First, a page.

Further, there will be benefits to smaller businesses. For instance, the Data Protection Regulation will exempt businesses smaller than a certain threshold from the obligation to appoint a data protection officer if data processing is not a part of their core business activity. On top of that, businesses will not have to notify every supervisory authority about each instance of collection and processing, and will have the ability to charge consumers fees for certain requests to access data. These changes will allow businesses, especially smaller ones, to save considerable money and human capital. Finally, smaller entities won’t have to carry out an impact assessment before engaging in processing unless there is a specific risk. These rules are designed to increase flexibility on the margin.

If this were all the rules were about, then they would be a boon to the major American tech companies that have expressed concern about the DSM. These companies would be able to deal with EU citizens under one set of rules and consumers would be able to take advantage of the many benefits of free flowing information in the digital economy.

The Bad

Unfortunately, the substance of the Data Protection Regulation isn’t limited simply to preempting 28 bad privacy rules with an economically sensible standard for Internet companies that rely on data collection and targeted advertising for their business model. Instead, the Data Protection Regulation would set up new rules that will impose significant costs on the Internet ecosphere.

For instance, giving citizens a “right to be forgotten” sounds good, but it will considerably impact companies built on providing information to the world. There are real costs to administering such a rule, and these costs will not ultimately be borne by search engines, social networks, and advertisers, but by consumers who ultimately will have to find either a different way to pay for the popular online services they want or go without them. For instance, Google has had to hire a large “team of lawyers, engineers and paralegals who have so far evaluated over half a million URLs that were requested to be delisted from search results by European citizens.”

Privacy rights need to be balanced with not only economic efficiency, but also with the right to free expression that most European countries hold (though not necessarily with a robust First Amendment like that in the United States). Stories about the right to be forgotten conflicting with the ability of journalists to report on issues of public concern make clear that there is a potential problem there. The Data Protection Regulation does attempt to balance the right to be forgotten with the right to report, but it’s not likely that a similar rule would survive First Amendment scrutiny in the United States. American companies accustomed to such protections will need to be wary operating under the EU’s standard.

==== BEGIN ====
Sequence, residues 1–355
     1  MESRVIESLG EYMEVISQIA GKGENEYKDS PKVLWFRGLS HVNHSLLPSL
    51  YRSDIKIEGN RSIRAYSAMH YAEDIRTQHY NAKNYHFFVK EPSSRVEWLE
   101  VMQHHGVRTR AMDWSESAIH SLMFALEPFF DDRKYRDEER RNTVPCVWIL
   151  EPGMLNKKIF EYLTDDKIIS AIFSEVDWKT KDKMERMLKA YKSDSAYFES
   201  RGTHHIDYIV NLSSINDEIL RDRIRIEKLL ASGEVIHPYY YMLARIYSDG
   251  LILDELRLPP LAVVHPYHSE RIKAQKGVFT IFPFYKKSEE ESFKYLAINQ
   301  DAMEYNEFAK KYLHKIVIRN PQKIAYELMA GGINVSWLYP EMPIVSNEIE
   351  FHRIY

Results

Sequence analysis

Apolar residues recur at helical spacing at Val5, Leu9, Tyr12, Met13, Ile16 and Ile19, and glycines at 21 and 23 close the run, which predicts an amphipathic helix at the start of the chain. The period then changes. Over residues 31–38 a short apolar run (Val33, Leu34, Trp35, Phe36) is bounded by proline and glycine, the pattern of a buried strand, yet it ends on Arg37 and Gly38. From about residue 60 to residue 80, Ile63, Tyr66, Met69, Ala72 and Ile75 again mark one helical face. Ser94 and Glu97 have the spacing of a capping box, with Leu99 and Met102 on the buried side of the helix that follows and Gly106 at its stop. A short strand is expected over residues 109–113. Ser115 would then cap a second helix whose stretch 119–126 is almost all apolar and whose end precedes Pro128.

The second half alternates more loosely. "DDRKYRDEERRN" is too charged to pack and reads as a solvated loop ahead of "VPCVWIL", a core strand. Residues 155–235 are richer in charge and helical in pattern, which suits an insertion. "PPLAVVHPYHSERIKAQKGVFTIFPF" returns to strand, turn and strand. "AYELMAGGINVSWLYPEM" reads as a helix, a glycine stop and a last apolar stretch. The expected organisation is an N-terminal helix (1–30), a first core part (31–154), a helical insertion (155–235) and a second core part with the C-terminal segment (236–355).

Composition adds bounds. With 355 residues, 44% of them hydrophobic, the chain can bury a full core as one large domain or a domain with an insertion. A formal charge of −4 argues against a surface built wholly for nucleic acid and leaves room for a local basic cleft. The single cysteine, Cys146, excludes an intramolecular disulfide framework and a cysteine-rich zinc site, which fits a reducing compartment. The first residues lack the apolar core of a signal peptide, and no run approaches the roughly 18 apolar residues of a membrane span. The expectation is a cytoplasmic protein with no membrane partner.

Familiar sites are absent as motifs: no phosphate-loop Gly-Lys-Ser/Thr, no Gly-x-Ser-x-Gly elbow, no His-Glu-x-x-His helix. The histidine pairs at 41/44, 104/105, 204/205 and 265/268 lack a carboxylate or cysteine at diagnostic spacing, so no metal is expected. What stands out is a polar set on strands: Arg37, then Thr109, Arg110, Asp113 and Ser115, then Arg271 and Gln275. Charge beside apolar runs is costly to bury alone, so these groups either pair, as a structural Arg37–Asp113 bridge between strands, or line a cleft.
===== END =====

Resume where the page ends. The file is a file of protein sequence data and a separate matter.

Similarly, mandating rules on data minimization and data portability may sound like good design ideas in light of data security and privacy concerns, but there are real costs to consumers and innovation in forcing companies to adopt particular business models.

Mandated data minimization limits the ability of companies to innovate and lessens the opportunity for consumers to benefit from unexpected uses of information. Overly strict requirements on data minimization could slow down the incredible growth of the economy from the Big Data revolution, which has provided a plethora of benefits to consumers from new uses of information, often in ways unfathomable even a short time ago. As an article in Harvard Magazine recently noted,

The story [of data analytics] follows a similar pattern in every field… The leaders are qualitative experts in their field. Then a statistical researcher who doesn’t know the details of the field comes in and, using modern data analysis, adds tremendous insight and value.

And mandated data portability is an overbroad per se remedy for possible exclusionary conduct that could also benefit consumers greatly. The rule will apply to businesses regardless of market power, meaning that it will also impair small companies with no ability to actually hurt consumers by restricting their ability to take data elsewhere. Aside from this, multi-homing is ubiquitous in the Internet economy, anyway. This appears to be another remedy in search of a problem.

The bad news is that these rules will likely deter innovation and reduce consumer welfare for EU citizens.

The Ugly

Finally, the Data Protection Regulation suffers from an ugly defect: it may actually be ratifying a form of protectionism into the rules. Both the intent and likely effect of the rules appears to be to “level the playing field” by knocking down American Internet companies.

For instance, the EU has long allowed flexibility for US companies operating in Europe under the US-EU Safe Harbor. But EU officials are aiming at reducing this flexibility. As the Wall Street Journal has reported: